Twice the Toxicity: Farmers and Public Interest Groups Sue EPA for Approving Dow’s Deadly Pesticide Combo


March 21, 2017


Courtney Sexton; 202-547-9359,

Paul Achitoff; 808-599-2436,

Stephanie Parent; 971-717-6404, sparent@biologicaldiversity. org

Linda Wells; 563-940-1242,

Jay Feldman; 202-255-4296,

EPA approval of Dow AgroScience’s Enlist Duo will lead to sharply increased spraying of toxic pesticides, harming farmers, neighboring crops, and wildlife

SAN FRANCISCO—Today farmers, conservation groups, and food and farm justice organizations stood up to protest against the contamination of rural communities, our food supply, and the environment by filing a federal lawsuit against the Trump administration. The groups are suing the Environmental Protection Agency (EPA) under new administrator Scott Pruitt for approving Dow AgroScience’s Enlist Duo, a mixture of the weed-killing chemicals glyphosate and 2,4-D—both of which are known to be highly toxic. The novel combo pesticide is sprayed directly on corn, soybean, and cotton plants that are genetically engineered by Dow specifically to survive exposure to the pesticide. EPA approved the use of the pesticide in 34 states.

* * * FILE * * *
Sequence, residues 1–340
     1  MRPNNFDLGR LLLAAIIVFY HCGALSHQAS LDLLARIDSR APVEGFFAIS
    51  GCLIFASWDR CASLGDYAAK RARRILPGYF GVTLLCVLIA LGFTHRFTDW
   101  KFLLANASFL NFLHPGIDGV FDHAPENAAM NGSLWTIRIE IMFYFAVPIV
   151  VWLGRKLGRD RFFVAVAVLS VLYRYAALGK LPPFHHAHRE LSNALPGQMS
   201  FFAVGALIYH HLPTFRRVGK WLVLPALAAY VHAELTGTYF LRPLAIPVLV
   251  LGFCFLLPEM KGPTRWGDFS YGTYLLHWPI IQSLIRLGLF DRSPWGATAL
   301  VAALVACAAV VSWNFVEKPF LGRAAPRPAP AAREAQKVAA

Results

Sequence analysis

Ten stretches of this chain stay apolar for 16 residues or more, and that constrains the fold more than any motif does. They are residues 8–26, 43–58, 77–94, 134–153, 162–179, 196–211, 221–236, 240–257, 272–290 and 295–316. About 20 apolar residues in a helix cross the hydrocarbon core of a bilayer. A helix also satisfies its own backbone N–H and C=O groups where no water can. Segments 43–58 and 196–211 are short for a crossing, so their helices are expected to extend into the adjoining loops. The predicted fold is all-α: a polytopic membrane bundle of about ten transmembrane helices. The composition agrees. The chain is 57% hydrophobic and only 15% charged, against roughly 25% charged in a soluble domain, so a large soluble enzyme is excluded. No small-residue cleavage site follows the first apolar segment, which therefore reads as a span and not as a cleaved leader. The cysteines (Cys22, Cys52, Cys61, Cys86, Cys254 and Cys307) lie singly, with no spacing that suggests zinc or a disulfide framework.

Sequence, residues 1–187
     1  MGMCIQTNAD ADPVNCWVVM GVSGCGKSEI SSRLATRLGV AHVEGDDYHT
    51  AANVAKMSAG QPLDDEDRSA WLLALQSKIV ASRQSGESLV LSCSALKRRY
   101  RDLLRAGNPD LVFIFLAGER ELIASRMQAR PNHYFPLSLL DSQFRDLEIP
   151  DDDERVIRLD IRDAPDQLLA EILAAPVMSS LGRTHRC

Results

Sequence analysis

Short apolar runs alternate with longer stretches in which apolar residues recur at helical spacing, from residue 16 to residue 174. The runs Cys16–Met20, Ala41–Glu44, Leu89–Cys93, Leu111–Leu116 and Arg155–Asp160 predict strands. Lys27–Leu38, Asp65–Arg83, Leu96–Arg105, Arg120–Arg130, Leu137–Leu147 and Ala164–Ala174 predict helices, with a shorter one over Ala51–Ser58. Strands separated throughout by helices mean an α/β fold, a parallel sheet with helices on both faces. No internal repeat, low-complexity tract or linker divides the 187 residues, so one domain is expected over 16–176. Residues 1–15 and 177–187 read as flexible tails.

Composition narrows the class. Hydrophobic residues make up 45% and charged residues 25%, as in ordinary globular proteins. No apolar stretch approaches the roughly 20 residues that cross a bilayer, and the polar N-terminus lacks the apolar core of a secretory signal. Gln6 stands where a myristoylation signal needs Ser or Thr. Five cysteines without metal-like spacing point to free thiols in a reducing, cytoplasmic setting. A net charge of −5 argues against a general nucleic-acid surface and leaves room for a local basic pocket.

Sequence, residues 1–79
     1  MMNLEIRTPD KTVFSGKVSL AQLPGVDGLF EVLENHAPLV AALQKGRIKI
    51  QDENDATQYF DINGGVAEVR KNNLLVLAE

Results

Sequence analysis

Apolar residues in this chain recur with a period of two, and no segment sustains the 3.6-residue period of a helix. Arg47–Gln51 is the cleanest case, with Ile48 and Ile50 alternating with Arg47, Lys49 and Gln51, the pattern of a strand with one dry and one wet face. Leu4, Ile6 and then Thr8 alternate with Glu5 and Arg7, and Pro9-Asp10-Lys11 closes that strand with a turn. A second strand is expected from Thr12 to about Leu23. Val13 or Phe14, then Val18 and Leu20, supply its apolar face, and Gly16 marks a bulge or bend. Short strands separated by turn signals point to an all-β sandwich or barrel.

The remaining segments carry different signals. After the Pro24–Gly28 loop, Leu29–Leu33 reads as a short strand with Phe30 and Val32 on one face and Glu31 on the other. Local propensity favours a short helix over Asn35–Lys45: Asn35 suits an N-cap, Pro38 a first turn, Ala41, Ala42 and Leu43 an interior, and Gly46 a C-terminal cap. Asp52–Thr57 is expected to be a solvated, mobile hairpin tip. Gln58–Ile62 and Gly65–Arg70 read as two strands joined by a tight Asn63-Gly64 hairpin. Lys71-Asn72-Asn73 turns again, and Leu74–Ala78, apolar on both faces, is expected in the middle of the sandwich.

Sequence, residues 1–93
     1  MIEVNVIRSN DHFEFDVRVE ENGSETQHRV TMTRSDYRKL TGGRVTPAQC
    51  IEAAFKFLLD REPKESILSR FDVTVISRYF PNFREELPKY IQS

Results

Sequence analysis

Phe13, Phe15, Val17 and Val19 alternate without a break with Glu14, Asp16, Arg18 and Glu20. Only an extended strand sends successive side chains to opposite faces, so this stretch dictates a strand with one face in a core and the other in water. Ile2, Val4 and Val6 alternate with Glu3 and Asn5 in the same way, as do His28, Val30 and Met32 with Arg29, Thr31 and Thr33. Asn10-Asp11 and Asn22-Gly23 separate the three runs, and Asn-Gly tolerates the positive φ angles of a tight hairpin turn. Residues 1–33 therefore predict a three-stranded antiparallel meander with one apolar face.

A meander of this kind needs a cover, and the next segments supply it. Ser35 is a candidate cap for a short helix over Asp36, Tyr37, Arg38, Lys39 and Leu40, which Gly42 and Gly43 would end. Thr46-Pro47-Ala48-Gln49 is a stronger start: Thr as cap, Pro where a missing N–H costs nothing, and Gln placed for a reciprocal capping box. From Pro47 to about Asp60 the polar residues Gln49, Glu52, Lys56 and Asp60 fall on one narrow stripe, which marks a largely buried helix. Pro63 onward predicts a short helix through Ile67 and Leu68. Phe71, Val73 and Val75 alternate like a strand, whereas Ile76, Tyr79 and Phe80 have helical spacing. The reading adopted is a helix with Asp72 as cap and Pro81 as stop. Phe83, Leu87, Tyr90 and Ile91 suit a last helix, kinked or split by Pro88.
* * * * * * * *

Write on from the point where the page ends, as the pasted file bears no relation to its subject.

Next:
Farmers will be hit hard by the human health harms of Enlist Duo, and are put at risk financially by 2,4-D’s known tendency to volatize, drift, and damage neighboring crops. The U.S. Department of Agriculture projects  that Enlist Duo’s approval will lead to as much as a seven-fold increase in agricultural use of 2,4-D—a component of the infamous Vietnam-era defoliant “Agent Orange”, which has been linked to Parkinson’s disease, non-Hodgkins lymphoma, and other reproductive problems. The other component of Enlist Duo is glyphosate, the active ingredient in Monsanto’s flagship pesticide Roundup. Glyphosate was classified as a probable human carcinogen by the World Health Organization in 2015.

This is the second lawsuit the groups have had to bring over the product. After the groups challenged its initial approval in 2014, the Obama Administration agreed to re-analyze some of its impacts. Unfortunately, EPA then re-affirmed its original approval and dramatically expanded it, allowing Enlist Duo to be sprayed in more than twice as many states and on cotton in addition to corn and soybeans.

Enlist crops and Enlist Duo are part of a disturbing, industry-wide trend where crops are genetically engineered to withstand multiple pesticides, allowing pesticide companies like Dow and Monsanto to sell both expensive GE seeds and large quantities of the pesticide cocktails that are sprayed on them. While these GE crop systems initially provide a quick-fix way to kill weeds, the intensive spraying triggers rapid evolution of weed resistance to the chemicals. Just as overuse of antibiotics breeds resistant bugs and more antibiotics to kill them, so these GE crop systems drive a toxic spiral of increasing weed resistance and pesticide use.

In addition to health risks, significant crop damage from pesticide drift, and increases in both weed resistance and pesticide use, spraying Enlist Duo on millions of acres will contaminate waterways and important wildlife habitat. EPA’s own assessments found that Enlist Duo is highly toxic to numerous plants and animals, including endangered and threatened species found in or near agricultural fields.